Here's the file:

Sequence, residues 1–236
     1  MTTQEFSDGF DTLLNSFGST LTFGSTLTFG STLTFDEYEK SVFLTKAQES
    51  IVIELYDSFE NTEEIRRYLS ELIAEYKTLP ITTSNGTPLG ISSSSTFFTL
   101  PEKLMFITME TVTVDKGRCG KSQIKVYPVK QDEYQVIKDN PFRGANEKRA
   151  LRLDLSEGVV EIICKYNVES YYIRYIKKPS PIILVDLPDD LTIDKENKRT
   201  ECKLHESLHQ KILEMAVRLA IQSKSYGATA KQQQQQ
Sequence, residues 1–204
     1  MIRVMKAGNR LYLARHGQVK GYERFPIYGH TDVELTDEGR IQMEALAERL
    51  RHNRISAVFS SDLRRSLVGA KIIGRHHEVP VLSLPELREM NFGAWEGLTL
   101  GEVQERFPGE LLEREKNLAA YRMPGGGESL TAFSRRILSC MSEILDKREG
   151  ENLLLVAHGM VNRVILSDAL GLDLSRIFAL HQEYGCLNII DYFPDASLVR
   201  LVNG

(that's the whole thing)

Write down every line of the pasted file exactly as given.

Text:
Sequence, residues 1–236
     1  MTTQEFSDGF DTLLNSFGST LTFGSTLTFG STLTFDEYEK SVFLTKAQES
    51  IVIELYDSFE NTEEIRRYLS ELIAEYKTLP ITTSNGTPLG ISSSSTFFTL
   101  PEKLMFITME TVTVDKGRCG KSQIKVYPVK QDEYQVIKDN PFRGANEKRA
   151  LRLDLSEGVV EIICKYNVES YYIRYIKKPS PIILVDLPDD LTIDKENKRT
   201  ECKLHESLHQ KILEMAVRLA IQSKSYGATA KQQQQQ
Sequence, residues 1–204
     1  MIRVMKAGNR LYLARHGQVK GYERFPIYGH TDVELTDEGR IQMEALAERL
    51  RHNRISAVFS SDLRRSLVGA KIIGRHHEVP VLSLPELREM NFGAWEGLTL
   101  GEVQERFPGE LLEREKNLAA YRMPGGGESL TAFSRRILSC MSEILDKREG
   151  ENLLLVAHGM VNRVILSDAL GLDLSRIFAL HQEYGCLNII DYFPDASLVR
   201  LVNG